Is The Purpose Of Martin Luther King's I Have A Dream Speech

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Five minutes. Dr. King was allowed five minutes to speak his mind. With time ticking, King presented his speech until a crowd member shouted, “Tell ‘em about the dream, Martin!” The dream. The dream of which his advisor specifically warned not to bring up. Five minutes soon turned to eight then twelve and finally ends at sixteen minutes. Sixteen minutes, in just sixteen minutes, King delivers the greatest speech of the twentieth century. (Martin Luther King: The Story Behind His ‘I Have A Dream’ Speech). On the blazing summer afternoon of the twenty-eighth of August 1963, American civil rights activist, Martin Luther King Jr. delivers his I Have a Dream speech in hopes to end racism in the United States and to promote civil and economic rights.…show more content…
King utilizes in addition to parallelism is his use of metaphors all throughout his speech. King uses metaphor in a way to pose an idea and even an argument against any opposing forces in the crowd. As he begins his speech, King refers to president Abraham Lincoln and his Emancipation Proclamation. He says, “This momentous decree came as a great beacon light of hope to millions of Negro slaves who had been seared in the flames of withering injustice. It came as a joyous daybreak to end the long night of their captivity” (King). In this example of a metaphor, King compares “great beacon light of hope” to the Emancipation Proclamation, “seared in the flames of withering injustice” to the pain and suffering of injustice, and “joyous daybreak to end the long night of their captivity” to symbolize the light of freedom to their long dark night of enslavement. In a way, King is trying to convince the audience to finish what others have started for them. He is appealing to the emotions of his audience, he wants them to be angry enough to take actions against this force. This force of injustice in America, between Americans. Martin Luther King goes on to blame the government for not enforcing what has been said in the documents of America. King announces, “In a sense we’ve come to our nation’s capital to cash a check. When the architects of our republic wrote the magnificent words of the Constitution and the Declaration of Independence, they were…show more content…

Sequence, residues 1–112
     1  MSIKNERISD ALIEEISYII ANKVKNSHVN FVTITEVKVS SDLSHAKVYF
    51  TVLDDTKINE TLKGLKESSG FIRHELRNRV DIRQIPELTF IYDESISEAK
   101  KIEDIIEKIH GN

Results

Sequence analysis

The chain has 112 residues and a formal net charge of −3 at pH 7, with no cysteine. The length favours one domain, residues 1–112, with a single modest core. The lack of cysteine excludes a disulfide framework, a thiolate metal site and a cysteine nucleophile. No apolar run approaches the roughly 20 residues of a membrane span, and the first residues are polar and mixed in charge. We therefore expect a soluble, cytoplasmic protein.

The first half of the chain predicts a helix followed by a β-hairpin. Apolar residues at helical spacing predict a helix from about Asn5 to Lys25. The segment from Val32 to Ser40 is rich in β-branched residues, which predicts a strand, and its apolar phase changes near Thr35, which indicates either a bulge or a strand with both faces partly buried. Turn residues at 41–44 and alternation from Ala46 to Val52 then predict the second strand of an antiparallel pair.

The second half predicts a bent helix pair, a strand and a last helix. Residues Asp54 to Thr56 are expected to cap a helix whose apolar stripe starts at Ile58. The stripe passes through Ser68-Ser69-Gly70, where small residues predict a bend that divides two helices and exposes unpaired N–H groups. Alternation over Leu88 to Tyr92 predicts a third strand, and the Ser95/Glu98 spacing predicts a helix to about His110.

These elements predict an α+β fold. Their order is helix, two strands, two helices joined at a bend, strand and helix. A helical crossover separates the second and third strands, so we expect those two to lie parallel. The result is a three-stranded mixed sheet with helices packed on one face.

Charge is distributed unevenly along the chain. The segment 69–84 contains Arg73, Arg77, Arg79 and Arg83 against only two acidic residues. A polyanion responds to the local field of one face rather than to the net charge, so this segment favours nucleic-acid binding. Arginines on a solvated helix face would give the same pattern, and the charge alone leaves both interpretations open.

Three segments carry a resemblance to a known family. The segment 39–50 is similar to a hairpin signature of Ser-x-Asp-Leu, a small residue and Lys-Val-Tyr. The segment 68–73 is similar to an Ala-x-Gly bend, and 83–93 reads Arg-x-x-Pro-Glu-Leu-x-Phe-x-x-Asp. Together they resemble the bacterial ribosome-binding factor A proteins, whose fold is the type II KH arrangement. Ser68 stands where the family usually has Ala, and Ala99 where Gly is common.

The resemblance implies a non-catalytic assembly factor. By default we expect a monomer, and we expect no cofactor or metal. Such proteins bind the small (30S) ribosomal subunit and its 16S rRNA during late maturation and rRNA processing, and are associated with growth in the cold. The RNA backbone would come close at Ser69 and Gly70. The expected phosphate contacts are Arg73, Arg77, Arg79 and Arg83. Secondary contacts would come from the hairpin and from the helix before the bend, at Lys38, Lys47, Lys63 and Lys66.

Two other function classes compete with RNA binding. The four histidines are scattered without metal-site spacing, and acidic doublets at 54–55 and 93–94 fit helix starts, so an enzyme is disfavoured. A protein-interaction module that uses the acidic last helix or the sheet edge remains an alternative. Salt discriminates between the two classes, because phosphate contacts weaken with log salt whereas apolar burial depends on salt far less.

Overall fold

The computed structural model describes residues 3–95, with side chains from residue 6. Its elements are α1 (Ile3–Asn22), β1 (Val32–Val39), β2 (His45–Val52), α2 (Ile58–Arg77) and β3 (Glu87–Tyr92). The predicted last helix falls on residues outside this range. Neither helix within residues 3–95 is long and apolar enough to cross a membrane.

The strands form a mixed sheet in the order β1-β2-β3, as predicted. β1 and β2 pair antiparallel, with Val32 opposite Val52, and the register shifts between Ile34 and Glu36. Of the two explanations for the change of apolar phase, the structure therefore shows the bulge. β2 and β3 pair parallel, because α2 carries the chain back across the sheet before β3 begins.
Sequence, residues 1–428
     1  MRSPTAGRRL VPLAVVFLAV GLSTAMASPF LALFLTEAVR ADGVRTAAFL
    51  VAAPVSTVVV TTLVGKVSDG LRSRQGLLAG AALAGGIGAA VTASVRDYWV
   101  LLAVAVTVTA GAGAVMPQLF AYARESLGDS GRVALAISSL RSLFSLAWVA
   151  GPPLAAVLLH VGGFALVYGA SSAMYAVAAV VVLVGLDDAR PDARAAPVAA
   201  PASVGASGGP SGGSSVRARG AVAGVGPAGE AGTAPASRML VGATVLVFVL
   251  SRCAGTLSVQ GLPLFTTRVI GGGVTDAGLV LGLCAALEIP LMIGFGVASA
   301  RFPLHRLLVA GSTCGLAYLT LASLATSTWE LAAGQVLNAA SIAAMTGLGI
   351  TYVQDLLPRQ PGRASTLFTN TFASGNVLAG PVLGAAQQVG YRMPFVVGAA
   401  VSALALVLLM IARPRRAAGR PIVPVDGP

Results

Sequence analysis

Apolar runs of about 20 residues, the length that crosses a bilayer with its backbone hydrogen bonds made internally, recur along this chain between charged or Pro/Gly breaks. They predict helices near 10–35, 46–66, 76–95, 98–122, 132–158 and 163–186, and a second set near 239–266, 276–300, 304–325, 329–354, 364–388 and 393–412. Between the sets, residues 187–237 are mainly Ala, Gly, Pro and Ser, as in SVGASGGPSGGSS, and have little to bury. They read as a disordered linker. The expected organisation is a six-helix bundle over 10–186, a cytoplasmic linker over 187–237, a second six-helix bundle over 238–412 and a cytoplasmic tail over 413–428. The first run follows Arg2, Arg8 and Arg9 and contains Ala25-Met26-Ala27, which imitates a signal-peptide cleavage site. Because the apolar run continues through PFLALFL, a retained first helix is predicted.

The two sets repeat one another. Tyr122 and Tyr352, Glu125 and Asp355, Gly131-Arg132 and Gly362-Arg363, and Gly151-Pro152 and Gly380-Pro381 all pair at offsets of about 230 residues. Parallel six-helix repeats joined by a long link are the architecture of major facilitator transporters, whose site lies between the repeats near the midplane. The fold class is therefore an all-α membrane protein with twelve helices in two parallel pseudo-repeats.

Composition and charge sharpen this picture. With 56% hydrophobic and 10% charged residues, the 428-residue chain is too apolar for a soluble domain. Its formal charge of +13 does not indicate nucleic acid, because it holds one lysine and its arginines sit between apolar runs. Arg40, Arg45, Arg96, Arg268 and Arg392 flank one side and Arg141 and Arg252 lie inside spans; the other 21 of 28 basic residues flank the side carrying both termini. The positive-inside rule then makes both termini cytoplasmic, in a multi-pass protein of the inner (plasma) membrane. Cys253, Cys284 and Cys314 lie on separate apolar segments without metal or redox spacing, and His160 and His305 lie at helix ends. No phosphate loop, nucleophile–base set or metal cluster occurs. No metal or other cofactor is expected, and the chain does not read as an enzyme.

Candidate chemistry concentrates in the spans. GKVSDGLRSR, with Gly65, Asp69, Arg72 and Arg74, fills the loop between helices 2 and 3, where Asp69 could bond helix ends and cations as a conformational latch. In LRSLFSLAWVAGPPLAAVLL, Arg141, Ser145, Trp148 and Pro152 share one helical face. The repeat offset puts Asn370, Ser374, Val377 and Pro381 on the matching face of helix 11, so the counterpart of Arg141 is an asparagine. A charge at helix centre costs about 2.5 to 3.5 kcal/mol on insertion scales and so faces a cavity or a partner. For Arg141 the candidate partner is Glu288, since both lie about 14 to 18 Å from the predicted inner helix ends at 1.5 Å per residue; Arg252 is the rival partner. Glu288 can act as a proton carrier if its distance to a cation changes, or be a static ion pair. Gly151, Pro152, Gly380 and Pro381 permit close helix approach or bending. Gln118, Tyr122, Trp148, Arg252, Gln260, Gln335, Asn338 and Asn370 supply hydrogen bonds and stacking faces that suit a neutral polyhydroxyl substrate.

Dr. King uses unifying language, allusions, parallelism, and many more strategies to contribute to his writing style. At the very end of his sixteen minute speech, King uses anaphoras, unifying language, and allusion in a couple short but effective sentences. He says, “Let freedom ring. . . But not only that: Let freedom ring from Stone Mountain of Georgia. Let freedom ring from Lookout Mountain of Tennessee. Let freedom ring from every hill and molehill of Mississippi. From every mountainside, let freedom ring. And when this happens,. . . when we let it ring from every village and every hamlet, from every state and every city, we will be able to speed up that day when all of God’s children, black men and white men, Jews and Gentiles, Protestants and Catholics, will be able to join hands and sing in the words of the old Negro Spiritual: Free at last! Free at last! Thank God Almighty, we are free at last!” (King). Dr. King has a way of expressing his emotions within his literature. He is very passionate, and with this passion, he is able to appeal to his audience through pathos. King’s audience should be inspired and moved by the exceptional style and inspirational tone. Inspired enough to join the fight to end racism and fight for equal rights. Dr. Martin Luther King refers to God all throughout the speech. The people of America were very religious by thanking

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